With tax season finally coming to an end, many U.S. citizens are scrambling to make sure their last-minute filings get to the post office in time or are sent out electronically before the April 15 deadline. While millions of taxpayers have already sent in their filings, paid any fees they may owe Uncle Sam and hopefully got some cash back in return, the Internal Revenue Service (IRS) has reported that the number of homeowners who are going to be filing late this year is up from 2012.
If you are one of the thousands of citizens cutting it close, here are a few tips and tricks you can follow to help make sure that you don't end up getting penalized for late filing or end up the victim of identity theft.
Don't get held up at the post office
The IRS recommends on its websites that filers look into doing their taxes online for a number of reasons. First of all, it's more convenient for most borrowers, as they can avoid waiting in long lines at the post office and simply file from the comfort of their homes.
Your taxes won't be handled by any mailmen
As well, borrowers can remove a certain level of human error from the process by filing electronically, as your documents no longer risk getting lost or stolen through the mail. After all, if an identity thief were able to get a hold of your tax information via mail theft, they could easily use those documents to open up accounts in your name.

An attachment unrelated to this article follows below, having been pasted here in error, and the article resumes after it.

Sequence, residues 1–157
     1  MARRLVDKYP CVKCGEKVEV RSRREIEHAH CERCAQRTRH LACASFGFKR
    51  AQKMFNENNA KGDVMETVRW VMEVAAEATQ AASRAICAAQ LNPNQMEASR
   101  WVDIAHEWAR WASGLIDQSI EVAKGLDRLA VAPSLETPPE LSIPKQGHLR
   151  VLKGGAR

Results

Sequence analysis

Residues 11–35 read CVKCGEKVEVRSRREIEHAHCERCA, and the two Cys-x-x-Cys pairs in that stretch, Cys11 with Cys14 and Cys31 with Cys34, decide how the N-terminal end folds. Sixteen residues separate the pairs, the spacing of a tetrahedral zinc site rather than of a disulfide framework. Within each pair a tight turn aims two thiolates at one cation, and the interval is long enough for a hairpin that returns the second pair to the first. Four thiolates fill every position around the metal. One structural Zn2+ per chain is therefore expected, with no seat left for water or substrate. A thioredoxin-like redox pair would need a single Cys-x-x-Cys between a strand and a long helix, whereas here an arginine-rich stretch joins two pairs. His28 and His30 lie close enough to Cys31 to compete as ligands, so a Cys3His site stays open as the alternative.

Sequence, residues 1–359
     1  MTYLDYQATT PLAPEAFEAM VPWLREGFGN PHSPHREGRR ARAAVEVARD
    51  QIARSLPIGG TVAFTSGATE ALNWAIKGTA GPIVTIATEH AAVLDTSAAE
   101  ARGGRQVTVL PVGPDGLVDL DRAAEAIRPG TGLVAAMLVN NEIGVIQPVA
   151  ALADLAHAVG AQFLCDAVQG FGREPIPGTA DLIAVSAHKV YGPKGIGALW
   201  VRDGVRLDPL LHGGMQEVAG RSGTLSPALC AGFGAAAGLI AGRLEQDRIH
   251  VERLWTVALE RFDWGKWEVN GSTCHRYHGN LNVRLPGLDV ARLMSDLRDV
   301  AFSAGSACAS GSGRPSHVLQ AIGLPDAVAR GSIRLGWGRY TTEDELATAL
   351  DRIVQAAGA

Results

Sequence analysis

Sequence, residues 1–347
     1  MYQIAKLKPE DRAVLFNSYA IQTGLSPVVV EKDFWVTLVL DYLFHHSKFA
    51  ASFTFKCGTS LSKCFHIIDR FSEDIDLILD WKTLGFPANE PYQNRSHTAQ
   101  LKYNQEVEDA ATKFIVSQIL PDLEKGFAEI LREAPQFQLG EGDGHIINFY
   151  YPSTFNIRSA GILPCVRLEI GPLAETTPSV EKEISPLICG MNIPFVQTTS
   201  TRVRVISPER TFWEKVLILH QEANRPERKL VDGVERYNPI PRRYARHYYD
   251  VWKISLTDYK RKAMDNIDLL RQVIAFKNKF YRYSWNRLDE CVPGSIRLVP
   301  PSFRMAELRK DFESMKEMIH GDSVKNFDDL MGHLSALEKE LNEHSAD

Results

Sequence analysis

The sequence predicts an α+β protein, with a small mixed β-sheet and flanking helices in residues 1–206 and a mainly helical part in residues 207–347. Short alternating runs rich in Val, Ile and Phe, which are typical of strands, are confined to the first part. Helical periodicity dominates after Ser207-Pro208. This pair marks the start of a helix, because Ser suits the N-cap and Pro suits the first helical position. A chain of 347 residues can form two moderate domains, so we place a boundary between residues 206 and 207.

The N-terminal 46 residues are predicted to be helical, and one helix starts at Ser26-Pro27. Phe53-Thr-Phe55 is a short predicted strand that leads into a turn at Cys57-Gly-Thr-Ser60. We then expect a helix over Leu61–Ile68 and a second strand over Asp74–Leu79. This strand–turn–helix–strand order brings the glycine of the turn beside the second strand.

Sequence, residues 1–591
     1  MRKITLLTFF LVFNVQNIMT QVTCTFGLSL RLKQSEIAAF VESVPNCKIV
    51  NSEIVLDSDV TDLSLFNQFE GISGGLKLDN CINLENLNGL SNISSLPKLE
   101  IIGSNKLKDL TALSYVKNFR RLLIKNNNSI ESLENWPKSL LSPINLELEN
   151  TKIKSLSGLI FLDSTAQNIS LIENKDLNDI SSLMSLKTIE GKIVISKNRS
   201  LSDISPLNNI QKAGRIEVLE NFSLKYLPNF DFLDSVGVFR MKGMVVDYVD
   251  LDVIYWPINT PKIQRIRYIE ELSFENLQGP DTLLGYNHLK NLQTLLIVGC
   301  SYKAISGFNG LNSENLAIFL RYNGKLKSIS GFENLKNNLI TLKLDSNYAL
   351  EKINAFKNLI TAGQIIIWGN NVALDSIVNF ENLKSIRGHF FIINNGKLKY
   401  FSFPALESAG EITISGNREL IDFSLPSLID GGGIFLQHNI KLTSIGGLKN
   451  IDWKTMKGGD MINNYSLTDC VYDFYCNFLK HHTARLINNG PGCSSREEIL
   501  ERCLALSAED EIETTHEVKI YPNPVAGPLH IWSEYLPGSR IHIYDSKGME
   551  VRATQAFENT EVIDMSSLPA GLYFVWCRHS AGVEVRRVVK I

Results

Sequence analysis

Keep an eye out for your return
The IRS offers an e-file program right on its website that allows citizens not only to submit their taxes electronically but also to keep track of their tax return up to 72 hours after applying for it. By doing this, you can help make sure that the money you have coming makes it safely either to your mailbox or your bank account, and not the hands of an identity thief.
When you have finished filing your taxes online, the next step you should take is to look into identity monitoring. This way, you can gain more insight into certain activity in your name that could potentially damage your credit score. After all, if a thief gets a hold of your tax information, it could result in a credit report riddled with fraud.